Born in 1948, Antwerp artist Jan Vanriet was the star of the show at the opening of the Roberto Polo gallery in November 2012. This is his second exhibition in this gallery.
The gallery has almost doubled in area since then, following the addition of the neighbouring retail space. It’s a huge, spectacular three-storey venue – the perfect place to effectively display Vanriet’s large canvasses.
From the entrance, we see immense paintings depicting pieces of red, bloody meat. It’s a metaphor for the socialist party, says Roberto Polo, smiling. Here, the promises (bright red meat); there, the disappointment (meat turned black). Beyond this symbolism – a bit blunt or subjective –, we relish in the way the artist enjoyed painting these very, very enlarged chunks of flesh in large strokes. The texture, colour and the gesture of the brush make us happy.
Jan Vanriet loves books, poetry, language and the latter’s relationship with images. He’s a painter but also a poet. Again and again, his paintings take us on a journey into memory. From the same community of painters as Luc Tuymans, Vanriet has consistently painted in a realistic narrative style which could also be described as romantic.
Vanriet is influenced by his private family history, but also by History with a capital H, which has largely impacted the life of his parents and grandparents, through the tragedy of the Holocaust. His work is most narrative when he evokes this history.
For example, he painted a couple dancing cheek to cheek or a musician/soldier holding a clarinet – images based on old snapshots. The couple is a recurrent subject in several of his paintings, giving him many opportunities to work with different backgrounds and different scales.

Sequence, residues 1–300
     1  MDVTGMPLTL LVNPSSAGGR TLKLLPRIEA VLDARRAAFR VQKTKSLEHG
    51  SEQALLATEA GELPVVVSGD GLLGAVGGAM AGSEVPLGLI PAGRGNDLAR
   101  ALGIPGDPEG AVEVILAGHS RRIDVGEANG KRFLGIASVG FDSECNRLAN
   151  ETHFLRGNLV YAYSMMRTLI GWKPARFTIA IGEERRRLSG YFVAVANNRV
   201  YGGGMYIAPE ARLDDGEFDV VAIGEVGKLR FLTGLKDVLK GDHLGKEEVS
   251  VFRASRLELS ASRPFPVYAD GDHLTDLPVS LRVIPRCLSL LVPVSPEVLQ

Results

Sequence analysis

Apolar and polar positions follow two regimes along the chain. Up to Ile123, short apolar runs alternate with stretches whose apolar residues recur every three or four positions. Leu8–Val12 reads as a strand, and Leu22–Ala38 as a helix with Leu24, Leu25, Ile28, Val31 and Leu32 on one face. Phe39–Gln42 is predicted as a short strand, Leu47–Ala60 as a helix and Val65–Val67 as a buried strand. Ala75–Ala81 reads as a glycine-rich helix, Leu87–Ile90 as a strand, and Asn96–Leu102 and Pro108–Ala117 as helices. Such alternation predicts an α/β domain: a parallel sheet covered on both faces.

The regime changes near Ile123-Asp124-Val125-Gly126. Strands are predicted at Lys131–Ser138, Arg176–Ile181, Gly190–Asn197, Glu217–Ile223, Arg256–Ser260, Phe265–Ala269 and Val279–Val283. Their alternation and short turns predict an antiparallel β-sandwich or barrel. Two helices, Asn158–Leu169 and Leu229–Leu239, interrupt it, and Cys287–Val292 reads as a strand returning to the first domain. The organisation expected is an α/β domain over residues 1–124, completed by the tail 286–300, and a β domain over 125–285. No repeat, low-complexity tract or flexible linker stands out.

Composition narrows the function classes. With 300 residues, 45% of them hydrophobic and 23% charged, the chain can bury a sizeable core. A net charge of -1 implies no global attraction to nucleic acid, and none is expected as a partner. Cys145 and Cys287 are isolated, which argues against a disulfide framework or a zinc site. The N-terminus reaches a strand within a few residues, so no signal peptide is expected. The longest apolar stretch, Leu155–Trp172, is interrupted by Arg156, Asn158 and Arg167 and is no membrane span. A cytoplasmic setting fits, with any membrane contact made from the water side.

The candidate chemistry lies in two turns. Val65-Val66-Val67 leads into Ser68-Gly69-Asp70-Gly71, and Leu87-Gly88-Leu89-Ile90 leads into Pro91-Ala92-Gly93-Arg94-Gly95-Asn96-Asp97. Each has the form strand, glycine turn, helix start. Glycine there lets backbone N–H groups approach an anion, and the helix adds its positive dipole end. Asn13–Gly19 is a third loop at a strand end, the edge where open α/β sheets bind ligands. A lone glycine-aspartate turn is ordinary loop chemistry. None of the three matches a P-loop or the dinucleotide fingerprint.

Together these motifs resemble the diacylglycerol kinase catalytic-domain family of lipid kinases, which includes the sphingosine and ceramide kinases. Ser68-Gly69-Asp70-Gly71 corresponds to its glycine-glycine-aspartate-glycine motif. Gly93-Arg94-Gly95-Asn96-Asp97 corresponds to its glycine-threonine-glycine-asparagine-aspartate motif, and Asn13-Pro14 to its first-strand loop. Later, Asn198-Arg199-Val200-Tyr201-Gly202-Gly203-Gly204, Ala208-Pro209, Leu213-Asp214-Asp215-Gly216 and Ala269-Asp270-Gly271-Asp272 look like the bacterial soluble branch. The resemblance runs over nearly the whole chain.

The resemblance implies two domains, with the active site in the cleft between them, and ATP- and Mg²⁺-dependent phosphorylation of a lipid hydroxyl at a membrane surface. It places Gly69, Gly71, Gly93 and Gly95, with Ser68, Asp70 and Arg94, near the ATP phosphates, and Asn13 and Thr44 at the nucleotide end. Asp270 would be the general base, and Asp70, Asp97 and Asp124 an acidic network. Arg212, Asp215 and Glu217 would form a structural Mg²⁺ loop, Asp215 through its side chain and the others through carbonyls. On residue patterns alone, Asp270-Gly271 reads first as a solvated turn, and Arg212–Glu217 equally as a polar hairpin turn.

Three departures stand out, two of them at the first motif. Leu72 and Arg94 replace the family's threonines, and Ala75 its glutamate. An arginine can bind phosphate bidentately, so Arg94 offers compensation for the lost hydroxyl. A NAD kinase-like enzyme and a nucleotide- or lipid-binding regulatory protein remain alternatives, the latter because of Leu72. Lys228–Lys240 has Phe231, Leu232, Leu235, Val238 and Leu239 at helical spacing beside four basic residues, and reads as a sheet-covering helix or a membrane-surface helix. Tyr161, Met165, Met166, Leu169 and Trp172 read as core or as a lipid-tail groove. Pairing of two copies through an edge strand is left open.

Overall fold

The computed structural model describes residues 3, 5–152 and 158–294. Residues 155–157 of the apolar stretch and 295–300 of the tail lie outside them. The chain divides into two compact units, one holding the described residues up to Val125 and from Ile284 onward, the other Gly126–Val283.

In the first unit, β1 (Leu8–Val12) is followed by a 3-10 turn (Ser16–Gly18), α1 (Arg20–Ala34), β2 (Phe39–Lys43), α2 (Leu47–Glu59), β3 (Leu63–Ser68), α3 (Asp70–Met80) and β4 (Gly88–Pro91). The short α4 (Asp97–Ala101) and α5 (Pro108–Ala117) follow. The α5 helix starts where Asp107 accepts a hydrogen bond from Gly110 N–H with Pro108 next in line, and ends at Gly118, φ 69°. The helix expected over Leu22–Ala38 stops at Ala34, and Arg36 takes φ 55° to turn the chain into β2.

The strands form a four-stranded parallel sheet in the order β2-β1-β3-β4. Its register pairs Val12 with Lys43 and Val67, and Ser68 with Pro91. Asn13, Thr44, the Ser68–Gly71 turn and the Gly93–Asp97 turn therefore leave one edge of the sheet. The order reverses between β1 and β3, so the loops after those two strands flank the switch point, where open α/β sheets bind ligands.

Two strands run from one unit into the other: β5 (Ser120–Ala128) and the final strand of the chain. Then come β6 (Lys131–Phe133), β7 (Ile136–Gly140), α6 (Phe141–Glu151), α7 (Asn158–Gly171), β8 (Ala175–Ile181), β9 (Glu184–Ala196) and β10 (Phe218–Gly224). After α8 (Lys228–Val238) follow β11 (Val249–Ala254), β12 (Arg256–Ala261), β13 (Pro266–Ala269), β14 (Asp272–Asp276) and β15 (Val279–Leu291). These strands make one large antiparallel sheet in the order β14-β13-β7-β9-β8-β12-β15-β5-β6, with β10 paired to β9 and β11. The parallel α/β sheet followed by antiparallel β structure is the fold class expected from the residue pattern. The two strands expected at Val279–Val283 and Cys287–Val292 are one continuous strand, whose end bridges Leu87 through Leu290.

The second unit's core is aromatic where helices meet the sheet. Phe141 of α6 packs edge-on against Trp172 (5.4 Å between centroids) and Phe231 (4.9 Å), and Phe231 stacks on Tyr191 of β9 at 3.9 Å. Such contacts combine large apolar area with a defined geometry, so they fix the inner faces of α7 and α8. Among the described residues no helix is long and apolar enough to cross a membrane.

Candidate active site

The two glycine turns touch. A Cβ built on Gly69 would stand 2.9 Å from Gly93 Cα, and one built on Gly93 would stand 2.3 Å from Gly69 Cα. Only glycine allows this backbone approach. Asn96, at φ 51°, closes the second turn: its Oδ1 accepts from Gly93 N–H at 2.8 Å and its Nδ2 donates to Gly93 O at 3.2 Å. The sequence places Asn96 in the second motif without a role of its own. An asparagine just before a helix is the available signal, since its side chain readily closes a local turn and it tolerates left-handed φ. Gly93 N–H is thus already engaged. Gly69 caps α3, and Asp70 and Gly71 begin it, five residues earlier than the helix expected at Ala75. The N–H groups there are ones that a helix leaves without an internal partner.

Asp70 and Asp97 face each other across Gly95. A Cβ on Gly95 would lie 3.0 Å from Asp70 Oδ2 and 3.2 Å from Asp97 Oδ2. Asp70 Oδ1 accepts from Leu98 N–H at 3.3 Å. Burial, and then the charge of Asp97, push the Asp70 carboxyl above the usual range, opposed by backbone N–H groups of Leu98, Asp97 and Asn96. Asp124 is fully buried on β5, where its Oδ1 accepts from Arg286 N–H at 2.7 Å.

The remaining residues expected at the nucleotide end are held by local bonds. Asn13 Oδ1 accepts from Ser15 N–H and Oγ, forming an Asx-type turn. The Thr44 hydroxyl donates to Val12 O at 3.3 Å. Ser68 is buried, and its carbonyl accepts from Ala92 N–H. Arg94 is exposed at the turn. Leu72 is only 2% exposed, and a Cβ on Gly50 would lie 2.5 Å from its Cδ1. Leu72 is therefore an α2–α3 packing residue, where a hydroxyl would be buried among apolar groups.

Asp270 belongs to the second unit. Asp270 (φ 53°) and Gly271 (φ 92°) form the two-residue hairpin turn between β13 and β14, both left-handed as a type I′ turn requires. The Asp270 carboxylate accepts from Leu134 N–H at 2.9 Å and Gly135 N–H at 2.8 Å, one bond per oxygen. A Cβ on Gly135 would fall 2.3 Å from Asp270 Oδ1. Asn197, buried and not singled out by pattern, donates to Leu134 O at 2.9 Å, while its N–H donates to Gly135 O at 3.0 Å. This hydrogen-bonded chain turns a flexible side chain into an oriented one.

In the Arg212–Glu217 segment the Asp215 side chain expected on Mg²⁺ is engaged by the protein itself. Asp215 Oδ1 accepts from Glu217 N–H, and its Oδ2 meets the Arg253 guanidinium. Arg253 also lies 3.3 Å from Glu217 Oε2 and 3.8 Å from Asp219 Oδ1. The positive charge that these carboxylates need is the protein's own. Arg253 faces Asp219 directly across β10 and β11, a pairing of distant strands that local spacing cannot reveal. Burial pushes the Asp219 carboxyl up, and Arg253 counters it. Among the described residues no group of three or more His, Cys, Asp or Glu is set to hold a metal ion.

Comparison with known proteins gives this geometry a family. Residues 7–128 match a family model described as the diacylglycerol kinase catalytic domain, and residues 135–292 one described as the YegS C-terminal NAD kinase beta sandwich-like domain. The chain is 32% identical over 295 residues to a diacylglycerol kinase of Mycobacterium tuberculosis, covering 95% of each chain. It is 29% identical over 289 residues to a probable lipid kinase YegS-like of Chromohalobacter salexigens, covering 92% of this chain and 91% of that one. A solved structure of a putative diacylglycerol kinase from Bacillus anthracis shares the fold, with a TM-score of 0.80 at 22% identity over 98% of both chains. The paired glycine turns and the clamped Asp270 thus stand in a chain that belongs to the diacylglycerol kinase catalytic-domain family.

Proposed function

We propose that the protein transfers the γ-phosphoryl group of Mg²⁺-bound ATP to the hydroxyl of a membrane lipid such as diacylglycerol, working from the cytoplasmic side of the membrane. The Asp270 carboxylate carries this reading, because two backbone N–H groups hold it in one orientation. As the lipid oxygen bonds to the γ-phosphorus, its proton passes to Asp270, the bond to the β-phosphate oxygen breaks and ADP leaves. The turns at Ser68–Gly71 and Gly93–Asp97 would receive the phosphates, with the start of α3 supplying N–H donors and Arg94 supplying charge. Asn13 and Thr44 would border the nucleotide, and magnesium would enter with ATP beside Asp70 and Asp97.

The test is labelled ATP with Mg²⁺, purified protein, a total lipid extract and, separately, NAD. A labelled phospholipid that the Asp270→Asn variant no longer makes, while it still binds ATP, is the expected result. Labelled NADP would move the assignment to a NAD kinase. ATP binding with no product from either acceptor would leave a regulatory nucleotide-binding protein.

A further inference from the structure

In the gallery’s basement, a large-sized painting depicts a gold bracelet with large links. For Vanriet, Big Bracelet is an opportunity to render complex materials, working with the reflection of light and, at the same time, deftly conjure up his history, since the bracelet belonged to his mother. In other works on the same theme of the bracelet, he breaks down the reflections to convert them into pure colour: bright yellow, black or an abstract grid.
In some paintings like Opéra Black, Opéra Blue or his bunches of flowers, we get the feeling that the artist has indulged in the joy of creating a beautiful image. And why not? Other works, such as Emptiness 3, The Promise or Halali, Man, tend to convey intense emotions like sadness or anxiety. Then there’s also this other series, The Visitor, which depicts one or two people in a museum like the MuZee, Kunsthaus, the Yvon Lambert gallery or the WIELS Contemporary Art Centre: lost in an massive space, these individuals become artworks themselves, solemn in the middle of the other artwork exhibited.
Roberto Polo Gallery
8 – 12 rue Lebeau
Tuesdays to Fridays, 14:00-18:00h, Saturdays 11:00-18:00h
Until 19 April